After learning how to write a basic business plan, second graders across the Colonial School District recently created, marketed and sold products to other children in their schools at an event called Business Day.
"A business plan is where you describe your product, how much it costs and why people would want to buy it," explained Joseph DeGuzman, a second grader at Conshohocken Elementary School (CE).
The children worked in teams to brainstorm ideas, compile a list of materials and produce their products. Student groups created jewelry, slime, paper action figures, origami, decorative pencils, designer bookmarks and more.
"We sold those triangular erasers except we wrote faces on them and put stickers and stuff on them. My group called them Bobs, my brother's friend made them up," added Joseph. "You could customize them, they're fun to play with, and they can also erase. We made sets that go together and used velcro to make Backpack Bobs."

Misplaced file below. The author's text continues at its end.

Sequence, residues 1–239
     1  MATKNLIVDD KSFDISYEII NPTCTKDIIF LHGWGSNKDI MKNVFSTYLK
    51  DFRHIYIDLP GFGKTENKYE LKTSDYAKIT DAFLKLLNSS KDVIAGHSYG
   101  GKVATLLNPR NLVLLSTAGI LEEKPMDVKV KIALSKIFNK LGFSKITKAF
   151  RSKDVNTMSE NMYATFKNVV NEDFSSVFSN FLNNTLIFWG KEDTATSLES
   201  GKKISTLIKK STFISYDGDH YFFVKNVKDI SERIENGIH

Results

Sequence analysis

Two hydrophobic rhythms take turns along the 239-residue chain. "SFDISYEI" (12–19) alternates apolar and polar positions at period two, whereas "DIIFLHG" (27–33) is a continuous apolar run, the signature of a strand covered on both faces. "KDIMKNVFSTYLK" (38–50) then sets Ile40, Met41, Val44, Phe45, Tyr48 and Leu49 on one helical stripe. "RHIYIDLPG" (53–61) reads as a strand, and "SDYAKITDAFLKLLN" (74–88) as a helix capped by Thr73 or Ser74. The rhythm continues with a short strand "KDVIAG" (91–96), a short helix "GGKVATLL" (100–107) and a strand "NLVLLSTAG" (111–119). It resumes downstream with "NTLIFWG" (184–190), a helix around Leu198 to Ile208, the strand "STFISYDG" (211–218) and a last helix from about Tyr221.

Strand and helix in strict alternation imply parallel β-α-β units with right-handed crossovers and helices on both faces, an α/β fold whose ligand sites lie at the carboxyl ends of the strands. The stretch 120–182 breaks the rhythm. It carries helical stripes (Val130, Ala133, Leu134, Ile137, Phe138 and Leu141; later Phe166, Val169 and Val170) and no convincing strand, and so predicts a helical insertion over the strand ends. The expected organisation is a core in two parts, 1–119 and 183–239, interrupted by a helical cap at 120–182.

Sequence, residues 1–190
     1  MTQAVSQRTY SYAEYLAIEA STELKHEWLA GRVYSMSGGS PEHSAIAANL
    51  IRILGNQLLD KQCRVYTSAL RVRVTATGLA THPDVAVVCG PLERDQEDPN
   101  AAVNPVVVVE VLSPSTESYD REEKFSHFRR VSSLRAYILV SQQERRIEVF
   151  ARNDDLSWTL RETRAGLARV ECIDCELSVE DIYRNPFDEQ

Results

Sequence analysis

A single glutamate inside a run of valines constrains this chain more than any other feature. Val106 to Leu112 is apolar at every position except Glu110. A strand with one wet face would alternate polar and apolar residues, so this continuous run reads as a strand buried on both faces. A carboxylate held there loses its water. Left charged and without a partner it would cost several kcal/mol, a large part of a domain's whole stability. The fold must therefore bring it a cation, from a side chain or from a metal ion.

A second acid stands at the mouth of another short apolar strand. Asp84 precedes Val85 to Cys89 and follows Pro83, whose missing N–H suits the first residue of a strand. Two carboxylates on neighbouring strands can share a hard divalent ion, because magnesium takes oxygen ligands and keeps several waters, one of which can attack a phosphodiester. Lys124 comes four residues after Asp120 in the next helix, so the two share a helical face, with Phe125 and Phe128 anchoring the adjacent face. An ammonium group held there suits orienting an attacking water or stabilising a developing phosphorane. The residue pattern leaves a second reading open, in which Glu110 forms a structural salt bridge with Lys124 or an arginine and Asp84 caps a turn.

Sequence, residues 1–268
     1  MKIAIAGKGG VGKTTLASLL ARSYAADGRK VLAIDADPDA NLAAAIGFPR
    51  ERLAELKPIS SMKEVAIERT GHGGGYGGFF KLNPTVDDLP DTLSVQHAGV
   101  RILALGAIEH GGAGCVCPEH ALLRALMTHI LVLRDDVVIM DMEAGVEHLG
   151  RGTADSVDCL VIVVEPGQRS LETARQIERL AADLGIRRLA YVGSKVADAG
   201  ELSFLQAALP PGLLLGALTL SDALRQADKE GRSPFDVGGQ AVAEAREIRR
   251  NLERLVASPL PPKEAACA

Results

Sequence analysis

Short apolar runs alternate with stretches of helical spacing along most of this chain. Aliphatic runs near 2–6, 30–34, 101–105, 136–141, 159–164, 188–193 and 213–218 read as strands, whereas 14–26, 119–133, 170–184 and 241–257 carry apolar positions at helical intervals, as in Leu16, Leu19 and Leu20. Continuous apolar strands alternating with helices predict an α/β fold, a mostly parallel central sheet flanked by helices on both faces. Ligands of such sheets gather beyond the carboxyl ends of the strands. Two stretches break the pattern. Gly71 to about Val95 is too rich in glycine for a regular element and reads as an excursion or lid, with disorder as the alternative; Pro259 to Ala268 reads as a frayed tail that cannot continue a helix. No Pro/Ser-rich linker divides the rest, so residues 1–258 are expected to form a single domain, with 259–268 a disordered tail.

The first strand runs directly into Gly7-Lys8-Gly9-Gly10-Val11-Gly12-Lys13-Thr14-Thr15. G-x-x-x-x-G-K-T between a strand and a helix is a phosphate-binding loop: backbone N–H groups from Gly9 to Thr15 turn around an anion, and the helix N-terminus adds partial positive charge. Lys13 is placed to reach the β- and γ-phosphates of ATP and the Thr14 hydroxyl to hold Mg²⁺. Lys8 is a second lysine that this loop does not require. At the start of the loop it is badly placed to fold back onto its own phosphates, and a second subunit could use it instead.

At CE, each group needed to create an inventory of 30 of their products to sell for when the kindergarten students were ready to "shop" on Business Day.
"It takes a lot of work. I thought we could do this in a day, but it really took like a week or two," said CE second grader Ivy Piersol. "My group painted Pet Rocks. Even though we made a bunch of rocks, and we really liked them, it was actually fun selling them."
Part of the second grade social studies curriculum, Business Day is an example of Project Based Learning, where students apply new skills in real-world applications — often incorporating more than one subject area, as well as The Four Cs: Communication, Collaboration, Critical Thinking and Creativity. The Business Day project includes math through pricing and using money, plus concepts from a recent English language arts unit that exposed the children to persuasive writing.
"I thought the coolest thing was making the commercials," said Courtland Jackson, second grade teacher at CE. "I think the children had fun writing their scripts and acting."
In the end, all of the second grade groups at CE sold out of their products — a sign that Business Day was a success.
"The children loved it, and they worked hard on every part of it," said Mr. Jackson. "Exposing them to entrepreneurship early can give them the hope, motivation and confidence to maybe have their own business one day. You have students who are starting online businesses in high school, the earlier the exposure the better."